The Marines have long cultivated a reputation as the nation’s toughest fighting force, but it remains an institution where a handful of white men command 185,000 white, African-American, Hispanic and Asian men and women.
Since the Corps first admitted African-American troops in 1942, the last military service to do so, only 25 have obtained the rank of general in any form. Not one has made it to the top four-star rank, an honor the Marines have, so far, bestowed solely on white men — 72 of them.
Six African-Americans reached lieutenant general, or three stars. The rest have received one or two stars, the majority in areas such as logistics and transportation and communications, specialties that, unlike combat arms, rarely lead into the most senior leadership.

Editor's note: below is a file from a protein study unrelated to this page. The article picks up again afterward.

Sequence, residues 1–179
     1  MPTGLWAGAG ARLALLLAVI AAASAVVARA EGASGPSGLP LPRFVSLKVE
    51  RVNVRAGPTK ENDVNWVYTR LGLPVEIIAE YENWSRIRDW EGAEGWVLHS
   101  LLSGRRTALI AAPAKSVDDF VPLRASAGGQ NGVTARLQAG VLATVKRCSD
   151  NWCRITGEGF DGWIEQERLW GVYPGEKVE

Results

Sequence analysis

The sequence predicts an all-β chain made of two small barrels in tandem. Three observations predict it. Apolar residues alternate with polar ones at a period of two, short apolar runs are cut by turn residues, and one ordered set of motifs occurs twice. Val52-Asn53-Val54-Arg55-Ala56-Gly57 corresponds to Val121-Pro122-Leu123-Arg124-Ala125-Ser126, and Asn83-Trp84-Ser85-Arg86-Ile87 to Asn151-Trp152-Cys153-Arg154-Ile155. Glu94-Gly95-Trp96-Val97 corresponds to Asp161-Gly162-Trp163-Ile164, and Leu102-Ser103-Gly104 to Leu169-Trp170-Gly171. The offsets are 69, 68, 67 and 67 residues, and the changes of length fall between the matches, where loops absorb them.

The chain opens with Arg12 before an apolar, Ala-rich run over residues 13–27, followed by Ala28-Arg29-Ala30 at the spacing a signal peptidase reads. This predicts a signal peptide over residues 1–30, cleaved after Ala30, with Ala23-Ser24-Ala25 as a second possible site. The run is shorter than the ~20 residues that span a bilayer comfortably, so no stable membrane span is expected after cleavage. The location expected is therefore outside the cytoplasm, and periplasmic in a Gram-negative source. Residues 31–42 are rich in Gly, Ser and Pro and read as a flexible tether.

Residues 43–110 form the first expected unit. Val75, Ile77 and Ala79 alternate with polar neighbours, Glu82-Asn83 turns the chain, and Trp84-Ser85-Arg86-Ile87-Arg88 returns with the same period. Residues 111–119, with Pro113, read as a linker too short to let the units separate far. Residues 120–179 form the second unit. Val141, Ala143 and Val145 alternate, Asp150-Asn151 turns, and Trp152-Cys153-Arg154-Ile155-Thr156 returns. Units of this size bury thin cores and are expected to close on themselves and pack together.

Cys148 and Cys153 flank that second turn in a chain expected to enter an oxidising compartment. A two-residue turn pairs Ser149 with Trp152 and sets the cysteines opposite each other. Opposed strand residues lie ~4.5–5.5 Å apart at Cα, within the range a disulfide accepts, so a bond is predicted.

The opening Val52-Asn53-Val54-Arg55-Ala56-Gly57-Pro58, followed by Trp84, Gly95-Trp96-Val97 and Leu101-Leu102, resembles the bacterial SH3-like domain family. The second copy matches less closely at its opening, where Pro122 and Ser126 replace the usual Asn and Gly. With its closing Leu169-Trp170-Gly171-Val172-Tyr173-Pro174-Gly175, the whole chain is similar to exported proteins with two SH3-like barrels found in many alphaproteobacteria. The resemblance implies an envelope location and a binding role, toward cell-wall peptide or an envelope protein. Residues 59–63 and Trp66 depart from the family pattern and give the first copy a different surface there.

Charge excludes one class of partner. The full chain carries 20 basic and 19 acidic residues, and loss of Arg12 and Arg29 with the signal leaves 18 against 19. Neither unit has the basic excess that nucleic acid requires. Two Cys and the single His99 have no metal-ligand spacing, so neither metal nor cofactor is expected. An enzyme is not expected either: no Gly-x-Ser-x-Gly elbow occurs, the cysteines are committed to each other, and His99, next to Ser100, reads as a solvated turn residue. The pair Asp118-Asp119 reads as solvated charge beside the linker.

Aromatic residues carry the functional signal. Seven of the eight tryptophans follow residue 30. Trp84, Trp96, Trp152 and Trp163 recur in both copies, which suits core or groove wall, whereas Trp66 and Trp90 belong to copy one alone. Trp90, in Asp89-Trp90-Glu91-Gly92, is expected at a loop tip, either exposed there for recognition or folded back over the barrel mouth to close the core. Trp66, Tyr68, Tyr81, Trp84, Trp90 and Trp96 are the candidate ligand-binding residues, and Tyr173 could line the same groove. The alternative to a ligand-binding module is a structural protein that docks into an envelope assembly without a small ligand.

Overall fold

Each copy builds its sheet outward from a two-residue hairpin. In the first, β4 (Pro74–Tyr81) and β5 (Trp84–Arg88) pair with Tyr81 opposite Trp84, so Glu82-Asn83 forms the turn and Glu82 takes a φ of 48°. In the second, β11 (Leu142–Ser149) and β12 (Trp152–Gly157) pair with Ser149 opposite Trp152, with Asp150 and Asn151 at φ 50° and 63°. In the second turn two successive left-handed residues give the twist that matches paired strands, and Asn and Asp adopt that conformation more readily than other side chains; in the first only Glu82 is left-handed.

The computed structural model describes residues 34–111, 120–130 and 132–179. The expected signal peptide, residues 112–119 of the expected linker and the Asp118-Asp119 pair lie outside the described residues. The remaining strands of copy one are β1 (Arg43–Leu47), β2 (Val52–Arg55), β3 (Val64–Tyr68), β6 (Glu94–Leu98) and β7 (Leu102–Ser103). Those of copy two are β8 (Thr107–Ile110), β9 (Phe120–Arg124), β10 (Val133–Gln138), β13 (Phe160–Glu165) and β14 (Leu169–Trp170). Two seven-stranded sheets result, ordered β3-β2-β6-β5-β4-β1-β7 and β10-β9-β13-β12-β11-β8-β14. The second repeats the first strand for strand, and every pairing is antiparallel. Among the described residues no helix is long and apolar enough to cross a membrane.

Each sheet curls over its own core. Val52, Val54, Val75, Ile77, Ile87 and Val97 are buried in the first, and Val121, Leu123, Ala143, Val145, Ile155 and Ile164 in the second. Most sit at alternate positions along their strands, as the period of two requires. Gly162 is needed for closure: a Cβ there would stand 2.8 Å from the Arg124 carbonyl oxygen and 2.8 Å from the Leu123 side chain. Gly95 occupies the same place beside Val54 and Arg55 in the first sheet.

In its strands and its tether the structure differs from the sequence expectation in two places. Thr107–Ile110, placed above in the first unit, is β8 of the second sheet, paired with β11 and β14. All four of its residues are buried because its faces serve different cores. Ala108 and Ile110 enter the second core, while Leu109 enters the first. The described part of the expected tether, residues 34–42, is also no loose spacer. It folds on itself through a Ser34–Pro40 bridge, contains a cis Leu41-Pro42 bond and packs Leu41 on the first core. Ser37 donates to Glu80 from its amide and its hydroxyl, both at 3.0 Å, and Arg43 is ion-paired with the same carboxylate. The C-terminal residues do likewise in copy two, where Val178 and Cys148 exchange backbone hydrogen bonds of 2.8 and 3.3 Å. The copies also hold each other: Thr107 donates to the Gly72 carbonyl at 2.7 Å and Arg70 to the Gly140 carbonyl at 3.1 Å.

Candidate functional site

The news that Colonel Henderson, along with another Black Marine — Col. Ahmed T. Williamson, the military assistant to the assistant commandant of the Marine Corps — had made the cut for brigadier general lit up the telephone and text lines of Black Marines stationed around the world.
The African-American Marines said they were happy for Colonel Williamson, whose background is communications, but added that they were ecstatic for Colonel Henderson because he comes from the combat arms background that can lead to four stars.
But some also expressed anger that the pace of advancement for Black officers in the Corps has been so slow.
“Tony Henderson should have gotten selected last year,” said Milton D. Whitfield Sr., a retired Marine gunnery sergeant who served for 21 years. “Or the year before that. Or the year before that. He is who the Marine Corps should want up there — someone who will speak truth to power.”